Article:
Which Country Is Most Opposed To Vaccines? Apparently France Is Leading In Skepticism

The use of vaccines continues to spark heated debates around the world. Anti-vaccination parents and vaccination advocates (many parents, scientists, and public health officials included), continually butt heads in vaccination debates. It's a serious conversation, considering the rising number of infectious disease outbreaks, like the multi-state measles spread in the United States last year. A recent study, reported by Mother Jones, captured interesting information on the varying attitudes towards vaccines around the world. So, which country is most opposed to vaccines? Apparently, France has the highest population of vaccination skeptics.

Mother Jones created a color-coordinated map that illustrates the varying perceptions towards vaccinations around the world. The map is based on a recent study published in EbioMedicine by researchers at the London School of Hygiene and Tropical Medicine and the Saw Swee Hock School of Public Health in Singapore, according to a Vox report. According to the research, 41 percent of people surveyed in France disagreed with statements that vaccines are safe.

The EbioMedicine study surveyed 66,000 people across 67 countries around the world, EurekAlert! reported. Across 67 countries, the average percentage of the population skeptical of vaccines was 12 percent. And the United States, reportedly, revealed a response close to the average, with approximately 14 percent of the surveyed population disagreeing that vaccines are safe, Vox reported. The survey consisted of responses from 1,000 people.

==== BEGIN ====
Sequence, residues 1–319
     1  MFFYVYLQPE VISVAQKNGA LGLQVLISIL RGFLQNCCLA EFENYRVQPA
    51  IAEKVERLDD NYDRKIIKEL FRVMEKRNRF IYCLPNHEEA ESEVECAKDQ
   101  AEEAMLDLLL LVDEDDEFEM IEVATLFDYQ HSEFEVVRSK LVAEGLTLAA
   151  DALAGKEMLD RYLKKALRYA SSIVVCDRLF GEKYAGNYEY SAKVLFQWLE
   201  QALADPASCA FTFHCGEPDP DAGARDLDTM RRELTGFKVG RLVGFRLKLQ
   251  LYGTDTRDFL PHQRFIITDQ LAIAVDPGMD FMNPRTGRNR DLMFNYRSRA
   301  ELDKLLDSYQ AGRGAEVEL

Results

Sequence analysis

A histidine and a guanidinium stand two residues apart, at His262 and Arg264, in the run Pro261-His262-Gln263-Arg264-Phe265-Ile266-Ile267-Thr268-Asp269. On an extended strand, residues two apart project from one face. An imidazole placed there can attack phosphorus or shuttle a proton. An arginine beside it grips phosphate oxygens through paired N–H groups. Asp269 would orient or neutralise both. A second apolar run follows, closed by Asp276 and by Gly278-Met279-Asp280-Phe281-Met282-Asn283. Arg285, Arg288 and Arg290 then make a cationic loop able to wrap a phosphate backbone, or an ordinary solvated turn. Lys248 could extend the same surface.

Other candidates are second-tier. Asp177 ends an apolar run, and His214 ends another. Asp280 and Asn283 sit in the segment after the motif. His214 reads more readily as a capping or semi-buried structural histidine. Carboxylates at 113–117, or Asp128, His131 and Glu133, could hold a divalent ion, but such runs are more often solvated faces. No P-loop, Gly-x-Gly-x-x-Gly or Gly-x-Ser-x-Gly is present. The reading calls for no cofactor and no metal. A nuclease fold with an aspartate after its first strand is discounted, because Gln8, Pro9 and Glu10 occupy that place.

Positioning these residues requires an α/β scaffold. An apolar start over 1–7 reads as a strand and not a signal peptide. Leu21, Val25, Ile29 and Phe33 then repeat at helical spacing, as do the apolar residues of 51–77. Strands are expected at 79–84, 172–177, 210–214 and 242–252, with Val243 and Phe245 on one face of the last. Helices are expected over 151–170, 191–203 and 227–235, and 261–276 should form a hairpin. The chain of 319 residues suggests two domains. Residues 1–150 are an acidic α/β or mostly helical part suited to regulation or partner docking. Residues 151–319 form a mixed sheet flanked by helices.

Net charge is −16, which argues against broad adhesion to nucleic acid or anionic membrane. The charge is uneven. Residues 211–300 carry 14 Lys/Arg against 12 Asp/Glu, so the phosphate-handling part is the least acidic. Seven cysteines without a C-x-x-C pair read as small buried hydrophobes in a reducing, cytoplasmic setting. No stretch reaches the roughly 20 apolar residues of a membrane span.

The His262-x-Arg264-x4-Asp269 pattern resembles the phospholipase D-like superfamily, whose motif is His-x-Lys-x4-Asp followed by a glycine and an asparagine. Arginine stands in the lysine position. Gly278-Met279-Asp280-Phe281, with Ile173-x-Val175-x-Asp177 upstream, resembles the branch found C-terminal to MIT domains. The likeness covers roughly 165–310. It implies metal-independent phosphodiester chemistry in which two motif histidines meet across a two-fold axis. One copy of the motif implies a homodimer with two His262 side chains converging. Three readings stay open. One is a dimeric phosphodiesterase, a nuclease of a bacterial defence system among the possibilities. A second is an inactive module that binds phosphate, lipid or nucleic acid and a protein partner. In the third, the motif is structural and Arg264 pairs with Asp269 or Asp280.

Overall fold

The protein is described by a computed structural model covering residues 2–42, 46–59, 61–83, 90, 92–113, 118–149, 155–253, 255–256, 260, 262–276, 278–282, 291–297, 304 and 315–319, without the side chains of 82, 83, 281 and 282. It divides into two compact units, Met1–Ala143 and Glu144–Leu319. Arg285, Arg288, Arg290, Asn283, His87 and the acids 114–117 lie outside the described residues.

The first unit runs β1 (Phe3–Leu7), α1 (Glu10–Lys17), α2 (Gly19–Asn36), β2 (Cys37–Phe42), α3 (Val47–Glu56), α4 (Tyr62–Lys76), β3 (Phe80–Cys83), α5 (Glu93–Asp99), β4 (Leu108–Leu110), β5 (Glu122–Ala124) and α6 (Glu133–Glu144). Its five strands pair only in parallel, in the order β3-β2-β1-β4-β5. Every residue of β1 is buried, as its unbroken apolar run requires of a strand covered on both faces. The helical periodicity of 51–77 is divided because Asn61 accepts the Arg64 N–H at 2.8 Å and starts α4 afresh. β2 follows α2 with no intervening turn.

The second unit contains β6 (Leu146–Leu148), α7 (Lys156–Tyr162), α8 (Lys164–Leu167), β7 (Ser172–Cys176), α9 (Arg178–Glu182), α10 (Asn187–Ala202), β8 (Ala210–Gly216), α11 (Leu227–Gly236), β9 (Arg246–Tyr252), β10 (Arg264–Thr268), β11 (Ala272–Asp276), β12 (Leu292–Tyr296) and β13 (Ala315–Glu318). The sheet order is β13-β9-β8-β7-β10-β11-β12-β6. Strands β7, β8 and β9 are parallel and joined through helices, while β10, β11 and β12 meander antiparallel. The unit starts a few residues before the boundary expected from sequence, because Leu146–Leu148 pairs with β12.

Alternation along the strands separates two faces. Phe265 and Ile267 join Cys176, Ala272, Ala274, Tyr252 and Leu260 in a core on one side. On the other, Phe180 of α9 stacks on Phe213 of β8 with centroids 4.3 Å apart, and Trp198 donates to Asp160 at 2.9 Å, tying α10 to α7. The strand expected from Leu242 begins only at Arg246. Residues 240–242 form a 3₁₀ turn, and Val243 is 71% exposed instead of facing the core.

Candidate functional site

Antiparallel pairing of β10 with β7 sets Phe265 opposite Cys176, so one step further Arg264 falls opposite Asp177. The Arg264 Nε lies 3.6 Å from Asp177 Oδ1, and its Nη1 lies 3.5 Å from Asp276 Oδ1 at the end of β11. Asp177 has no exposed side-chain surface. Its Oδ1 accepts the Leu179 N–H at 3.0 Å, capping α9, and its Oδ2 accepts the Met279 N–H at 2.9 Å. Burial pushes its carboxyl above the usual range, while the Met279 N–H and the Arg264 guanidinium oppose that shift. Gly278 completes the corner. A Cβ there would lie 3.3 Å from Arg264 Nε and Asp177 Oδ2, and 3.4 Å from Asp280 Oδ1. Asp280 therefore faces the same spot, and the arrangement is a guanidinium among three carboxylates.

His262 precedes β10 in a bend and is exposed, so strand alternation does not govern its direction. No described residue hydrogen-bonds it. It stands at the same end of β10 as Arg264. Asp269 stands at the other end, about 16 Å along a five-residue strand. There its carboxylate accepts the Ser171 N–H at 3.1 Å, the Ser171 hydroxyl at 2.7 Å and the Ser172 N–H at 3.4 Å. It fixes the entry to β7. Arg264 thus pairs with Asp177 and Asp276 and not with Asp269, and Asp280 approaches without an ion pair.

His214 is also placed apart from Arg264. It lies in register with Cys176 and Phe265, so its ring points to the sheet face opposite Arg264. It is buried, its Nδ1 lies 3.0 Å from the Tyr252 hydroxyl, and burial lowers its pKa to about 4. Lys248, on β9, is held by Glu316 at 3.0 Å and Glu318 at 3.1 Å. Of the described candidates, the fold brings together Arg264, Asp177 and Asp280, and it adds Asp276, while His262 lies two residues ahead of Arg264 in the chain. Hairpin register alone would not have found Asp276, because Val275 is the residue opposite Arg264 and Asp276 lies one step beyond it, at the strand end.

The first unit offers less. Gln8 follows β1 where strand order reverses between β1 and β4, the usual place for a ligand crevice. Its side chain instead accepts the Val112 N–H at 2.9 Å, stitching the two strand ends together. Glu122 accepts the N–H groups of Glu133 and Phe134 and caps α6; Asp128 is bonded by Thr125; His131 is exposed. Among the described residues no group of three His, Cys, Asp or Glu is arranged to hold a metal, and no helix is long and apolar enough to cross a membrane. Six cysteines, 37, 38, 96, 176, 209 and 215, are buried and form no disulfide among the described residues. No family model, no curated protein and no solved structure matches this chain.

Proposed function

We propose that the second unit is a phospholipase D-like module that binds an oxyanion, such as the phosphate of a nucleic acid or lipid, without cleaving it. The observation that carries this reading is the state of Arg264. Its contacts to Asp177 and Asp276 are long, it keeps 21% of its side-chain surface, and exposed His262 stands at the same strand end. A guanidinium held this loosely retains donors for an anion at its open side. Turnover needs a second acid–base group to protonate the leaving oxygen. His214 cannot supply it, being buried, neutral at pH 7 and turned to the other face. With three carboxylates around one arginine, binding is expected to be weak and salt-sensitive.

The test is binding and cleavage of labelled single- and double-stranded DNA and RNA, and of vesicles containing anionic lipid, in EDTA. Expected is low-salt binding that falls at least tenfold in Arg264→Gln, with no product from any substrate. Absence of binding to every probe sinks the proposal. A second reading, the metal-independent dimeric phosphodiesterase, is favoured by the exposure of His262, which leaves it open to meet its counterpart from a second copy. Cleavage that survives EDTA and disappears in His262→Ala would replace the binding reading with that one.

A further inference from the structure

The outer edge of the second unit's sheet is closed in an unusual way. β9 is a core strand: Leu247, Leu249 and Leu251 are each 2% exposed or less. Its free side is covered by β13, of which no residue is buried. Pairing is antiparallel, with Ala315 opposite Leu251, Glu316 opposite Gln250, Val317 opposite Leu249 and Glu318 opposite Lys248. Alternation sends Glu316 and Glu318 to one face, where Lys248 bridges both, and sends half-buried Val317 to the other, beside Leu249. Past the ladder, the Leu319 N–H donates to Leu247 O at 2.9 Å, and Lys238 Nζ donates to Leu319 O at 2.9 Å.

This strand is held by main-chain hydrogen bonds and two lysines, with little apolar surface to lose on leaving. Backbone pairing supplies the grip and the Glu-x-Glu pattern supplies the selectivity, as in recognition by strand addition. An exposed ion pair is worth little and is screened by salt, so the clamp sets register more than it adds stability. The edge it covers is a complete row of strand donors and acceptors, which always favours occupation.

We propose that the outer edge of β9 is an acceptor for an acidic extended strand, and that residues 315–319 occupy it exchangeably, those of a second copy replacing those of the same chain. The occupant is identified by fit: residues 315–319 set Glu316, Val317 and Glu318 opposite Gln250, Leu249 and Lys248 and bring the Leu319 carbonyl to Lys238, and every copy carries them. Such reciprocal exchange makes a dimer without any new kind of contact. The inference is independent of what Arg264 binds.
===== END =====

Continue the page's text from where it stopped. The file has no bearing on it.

But Heidi Larson, the lead study author, reportedly noted that she believed a state-level analysis in the United States would yield different results.

"I'm pretty confident that if we had done a state-level analysis, we’d have seen more extremes," Larson said, according to Vox.

Bosnia & Herzegovina, Russia, and Greece, followed France's skepticism with percentages, 36, 28, 27, and 25 respectively. Alternatively, Bangladesh, Saudi Arabia, Argentina, Philippines, and Ecuador revealed the most trust in vaccine safety. On a scale based on regions, Southeast Asia, and Africa garnered results showing the most trust in vaccinations, compared to the European region which had the least.

Public health organizations like the Centers for Disease Control & Prevention, and the World Health Organization, have worked to dispute the many anti-vaccination arguments throughout the years. Supporters of the anti-vaccination movement have argued that vaccines cause harmful side effects and illnesses, in addition to links to autism, among other arguments. But the CDC and WHO have released research reports indicating that vaccines are not linked to developing autismor other illnesses. In fact, public health organizations have continued to dispel as many anti-vaccination arguments as possible.

Clearly, the vaccination debate is a global issue. Here's to hoping more populations of parents everywhere receive and acknowledge the accurate and scientific information available.